November 8, 2011

New York City Marathon: 9+1 Guaranteed Entry Option

This past Saturday, I ran my 9th and final qualifying race to secure guaranteed entry into the 2012 New York City Marathon.

The NYC Marathon is known for being notoriously difficult for getting into. With a lottery that puts approximately 1 in 3 applicants through and qualifying times that are steeper than Boston's, the only other options to run NYC are through a charity or through the 9+1 guaranteed entry option. (There used to be a few other ways but New York Road Runners has done away with them as of a few weeks ago).

Because of the difficulty of getting into the New York City Marathon, NYRR has coined the phrase "I'm in" to celebrate those who are "in" for the next race.


The 9+1 guaranteed entry option is the only surefire way for New Yorkers to secure entry into their marathon if they don't want to run for charity and they can't run a 3:00 marathon or a 1:27 Half. (I kid you not, 3:00 is the qualifying time for women ages 18-39. It used to be 3:23)

When I was in Boston for the Boston Marathon this past year, I remember talking to Lizzie, Lauren, Becky and some other bloggers who said that they wished Boston had a similar program for guaranteed entry into the Boston Marathon. At the time, I completely agreed with them and praised up and down how fantastic I think the 9+1 Guaranteed Entry option is.

But after finally completing my 9+1, I feel a little bit differently about it.

NYC Half 2011
The official rules can be read here but basically you have to be a member of NYRR, complete 9 qualifying NYRR races and volunteer for 1 in the year before the year you want to run the marathon. You must also be a member of NYRR at the time of application to the marathon that you plan to run.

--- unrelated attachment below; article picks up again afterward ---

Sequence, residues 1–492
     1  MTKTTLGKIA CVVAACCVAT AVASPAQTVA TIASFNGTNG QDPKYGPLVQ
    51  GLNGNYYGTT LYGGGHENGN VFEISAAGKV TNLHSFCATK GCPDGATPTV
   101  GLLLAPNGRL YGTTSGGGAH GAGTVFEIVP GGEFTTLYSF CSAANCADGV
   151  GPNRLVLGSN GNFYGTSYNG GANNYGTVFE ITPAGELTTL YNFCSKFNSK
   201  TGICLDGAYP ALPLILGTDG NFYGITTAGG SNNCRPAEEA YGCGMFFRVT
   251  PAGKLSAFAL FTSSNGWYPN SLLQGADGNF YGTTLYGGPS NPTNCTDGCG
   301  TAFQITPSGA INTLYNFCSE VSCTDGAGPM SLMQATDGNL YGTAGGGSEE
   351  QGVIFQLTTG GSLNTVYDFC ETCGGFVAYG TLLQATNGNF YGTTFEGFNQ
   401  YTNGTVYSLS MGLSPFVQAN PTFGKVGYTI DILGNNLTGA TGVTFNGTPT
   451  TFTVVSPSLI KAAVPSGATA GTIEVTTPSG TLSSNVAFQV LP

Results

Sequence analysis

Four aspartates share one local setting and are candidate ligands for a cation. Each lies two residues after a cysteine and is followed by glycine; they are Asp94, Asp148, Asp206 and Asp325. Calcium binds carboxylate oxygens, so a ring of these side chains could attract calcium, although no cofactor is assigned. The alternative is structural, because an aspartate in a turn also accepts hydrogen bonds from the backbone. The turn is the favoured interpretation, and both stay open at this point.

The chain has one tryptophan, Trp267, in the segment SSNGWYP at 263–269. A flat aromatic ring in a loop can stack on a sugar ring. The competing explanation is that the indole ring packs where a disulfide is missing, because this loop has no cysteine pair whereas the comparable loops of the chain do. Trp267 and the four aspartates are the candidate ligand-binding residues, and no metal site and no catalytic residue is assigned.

The 9 races I ran were:
  • Al Gordon Classic (4m)
  • NYC Half-Marathon
  • NYRR 4-Mile
  • New York Mini 10k
  • Percy Sutton Harlem 5k (cancelled due to Hurricane Irene but I still got credit)
  • Women Mind Body & Spirit Games (4m)
  • Grete's Great Gallop (Half-Marathon)
  • Staten Island Half-Marathon
  • Dash to the Finish Line 5k
You can read the recaps for all of these races on my Race Recaps page here

While the majority of the distances were shorter and I could have done almost all of my races as 4 or 5 mile races if I wanted, I didn't really have that option since I was gone for most of the summer and missed a lot of those races. Whether I had run my races through the summer or not though, 9 races is a lot and after feeling like I was racing every weekend, I really lost a lot of the excitement that makes racing appeal to me from having to do it so often.
Staten Island Half 2011